At long last, the Michigan Capitol Commission acted to ban the open carry of firearms, but we still don't have metal detectors. They're not going to be wanding people. Essentially, people could bring in virtually anything that they want, and they're not prohibited from doing so.

    So, of course, I am gravely concerned that people will bring firearms into the building or perhaps some sort of device which could be an explosive device of some sort.

    And that is not a safe set of circumstances, when you have had thousands and thousands of threats against lawmakers in our state and against lawmakers all across the country. It's a recipe for disaster.

  • Nick Schifrin:

    Thousands of threats against lawmakers in your state, but also a specific threat this weekend.

    The FBI says that there will be armed protests in state capitals over the weekend. And they specifically warned that supporters of the so-called Boogaloo movement are planning to commit violence in Michigan and Minnesota.

    Are state, are federal authorities doing enough to prepare for this weekend's events?

  • Dana Nessel:

    Well, I know that there's going to be coordination between federal authorities and state authorities, and also local and municipal authorities. and, of course, those at the Capitol Building as well, since I imagine everything will be geared towards that.

    Of course, on Sunday, the Capitol Building is closed. They're building a fence around it. The National Guard, I'm told, is coming in. And there's going to be a very heavy police presence. But, next week, our legislature is scheduled to be in session.

    And when they are in session, according to the Open Meetings Act that we have in our state, it has to be open to the public as well. So, those meetings have to be accessible.

    And so my concern is, what then? If you're going to allow people to come in, and you are not going to ensure that they do what they do in every single courthouse in the state of Michigan, which is just to make sure that people are not carrying firearms or explosive devices, how can you ensure that you are keeping the members of the public who are there, our lawmakers, and the staff at the Capitol Building safe?

  • Nick Schifrin:

    You mentioned the National Guard.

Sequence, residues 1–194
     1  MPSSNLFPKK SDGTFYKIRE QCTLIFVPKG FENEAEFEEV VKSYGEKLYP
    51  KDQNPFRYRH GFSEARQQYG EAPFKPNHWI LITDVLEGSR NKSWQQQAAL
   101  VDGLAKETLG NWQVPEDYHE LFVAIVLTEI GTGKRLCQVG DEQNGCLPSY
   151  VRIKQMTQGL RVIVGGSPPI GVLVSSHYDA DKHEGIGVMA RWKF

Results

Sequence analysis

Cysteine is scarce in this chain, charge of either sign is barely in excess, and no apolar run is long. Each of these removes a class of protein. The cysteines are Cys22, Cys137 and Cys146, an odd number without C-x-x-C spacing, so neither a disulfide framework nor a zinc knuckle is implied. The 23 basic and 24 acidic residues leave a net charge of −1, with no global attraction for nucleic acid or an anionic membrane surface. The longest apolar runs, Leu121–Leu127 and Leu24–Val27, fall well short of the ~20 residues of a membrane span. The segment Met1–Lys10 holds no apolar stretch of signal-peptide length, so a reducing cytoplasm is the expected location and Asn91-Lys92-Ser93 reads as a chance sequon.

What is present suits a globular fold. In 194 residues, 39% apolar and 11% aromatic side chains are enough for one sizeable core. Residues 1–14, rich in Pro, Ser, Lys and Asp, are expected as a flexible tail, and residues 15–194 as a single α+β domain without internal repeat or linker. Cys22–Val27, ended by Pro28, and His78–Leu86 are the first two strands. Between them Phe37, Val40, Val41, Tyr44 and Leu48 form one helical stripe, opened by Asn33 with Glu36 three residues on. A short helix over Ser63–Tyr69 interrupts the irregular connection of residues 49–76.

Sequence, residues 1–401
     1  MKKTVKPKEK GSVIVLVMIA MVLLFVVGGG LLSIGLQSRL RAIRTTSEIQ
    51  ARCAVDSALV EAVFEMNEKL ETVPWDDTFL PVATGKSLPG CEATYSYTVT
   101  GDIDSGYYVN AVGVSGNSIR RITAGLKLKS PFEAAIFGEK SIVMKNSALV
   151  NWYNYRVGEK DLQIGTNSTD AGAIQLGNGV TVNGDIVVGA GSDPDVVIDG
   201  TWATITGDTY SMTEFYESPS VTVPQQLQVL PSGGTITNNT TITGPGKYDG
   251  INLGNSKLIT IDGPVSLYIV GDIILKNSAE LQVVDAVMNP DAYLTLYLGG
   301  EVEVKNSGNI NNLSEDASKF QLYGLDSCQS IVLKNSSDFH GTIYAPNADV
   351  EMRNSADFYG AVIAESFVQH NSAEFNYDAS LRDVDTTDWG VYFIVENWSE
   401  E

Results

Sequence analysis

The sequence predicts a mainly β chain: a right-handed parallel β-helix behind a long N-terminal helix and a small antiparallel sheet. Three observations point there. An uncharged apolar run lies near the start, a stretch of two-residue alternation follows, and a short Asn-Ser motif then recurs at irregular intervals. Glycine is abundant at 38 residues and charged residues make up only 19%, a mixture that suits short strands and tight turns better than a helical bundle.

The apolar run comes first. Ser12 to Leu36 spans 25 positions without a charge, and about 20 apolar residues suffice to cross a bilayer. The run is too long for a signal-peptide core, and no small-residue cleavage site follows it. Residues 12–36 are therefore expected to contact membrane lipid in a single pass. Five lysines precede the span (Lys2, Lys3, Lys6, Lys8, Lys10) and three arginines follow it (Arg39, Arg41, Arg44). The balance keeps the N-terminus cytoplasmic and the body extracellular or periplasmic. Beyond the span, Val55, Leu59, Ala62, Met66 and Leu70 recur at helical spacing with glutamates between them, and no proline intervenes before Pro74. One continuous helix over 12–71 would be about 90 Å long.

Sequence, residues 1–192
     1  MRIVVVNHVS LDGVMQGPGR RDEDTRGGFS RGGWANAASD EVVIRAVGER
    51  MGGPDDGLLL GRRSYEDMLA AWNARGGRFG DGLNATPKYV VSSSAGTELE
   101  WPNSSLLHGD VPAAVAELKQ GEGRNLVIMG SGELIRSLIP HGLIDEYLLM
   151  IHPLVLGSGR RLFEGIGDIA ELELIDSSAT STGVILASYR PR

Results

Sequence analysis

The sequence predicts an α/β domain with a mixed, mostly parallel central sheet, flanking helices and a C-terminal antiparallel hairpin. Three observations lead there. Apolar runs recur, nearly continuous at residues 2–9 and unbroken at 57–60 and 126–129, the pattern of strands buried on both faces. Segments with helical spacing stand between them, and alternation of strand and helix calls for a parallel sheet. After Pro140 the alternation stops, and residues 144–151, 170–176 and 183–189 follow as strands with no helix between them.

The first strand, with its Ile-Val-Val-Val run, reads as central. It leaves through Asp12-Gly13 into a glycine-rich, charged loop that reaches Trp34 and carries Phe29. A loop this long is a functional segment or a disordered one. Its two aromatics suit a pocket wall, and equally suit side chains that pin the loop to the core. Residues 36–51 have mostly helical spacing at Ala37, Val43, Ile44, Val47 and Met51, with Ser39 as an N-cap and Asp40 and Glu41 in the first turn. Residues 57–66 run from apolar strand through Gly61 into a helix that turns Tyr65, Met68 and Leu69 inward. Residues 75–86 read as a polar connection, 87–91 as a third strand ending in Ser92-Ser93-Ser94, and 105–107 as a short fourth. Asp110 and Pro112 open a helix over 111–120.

Governor Whitmer, as I understood, have not yet said that, in fact, the National Guard would be deployed on Sunday, even though Lansing's mayor has asked for it. Will the National Guard be deployed?

  • Dana Nessel:

    My understanding is that, yes, they will be.

  • Nick Schifrin:

    Parler and other social media organizations where these right-wing extremists have been coordinating are being taken down, and there are reports that they are using encrypted apps.

    Does that present a concern to you that you might not be able to know what's coming?

  • Dana Nessel:

    Well, I think it means that we have to be more vigilant than ever.

    And those who are in law enforcement who are charged with monitoring those types of spaces are going to have to really step up their game and make sure that they're on top of it and make sure they understand exactly who is communicating with who and what, if any plans are being made.

    I will say, I think it's going to be more difficult for the average person who wants to participate. They're really going to have to be deep down in the weeds for them to know exactly what, if any plans are being made, if they're not going to be able to use the other types of social media platforms that people have become more accustomed to and that are easier to access.

  • Nick Schifrin:

    And, finally, it seems to me that, since 9/11, this country's national security has been so focused and we have fought wars over the threat of international terrorism.

    Do you believe it's time to shift some of that focus?

  • Dana Nessel:

    Absolutely.

    We know that domestic terrorism is the biggest threat to our nation right now. And we need to become more focused on it. Unfortunately, I think what we have seen for a very long time is that, as long as you had people who really were domestic terrorists, but, at the same time, were supportive of the federal administration — and by that, I mean specifically President Trump — you had a federal government that was really unwilling to take the proper and appropriate steps to combat it.

  • Nick Schifrin:

    Michigan Attorney General Dana Nessel, thank you very much.

  • Dana Nessel:

    Thanks for having me.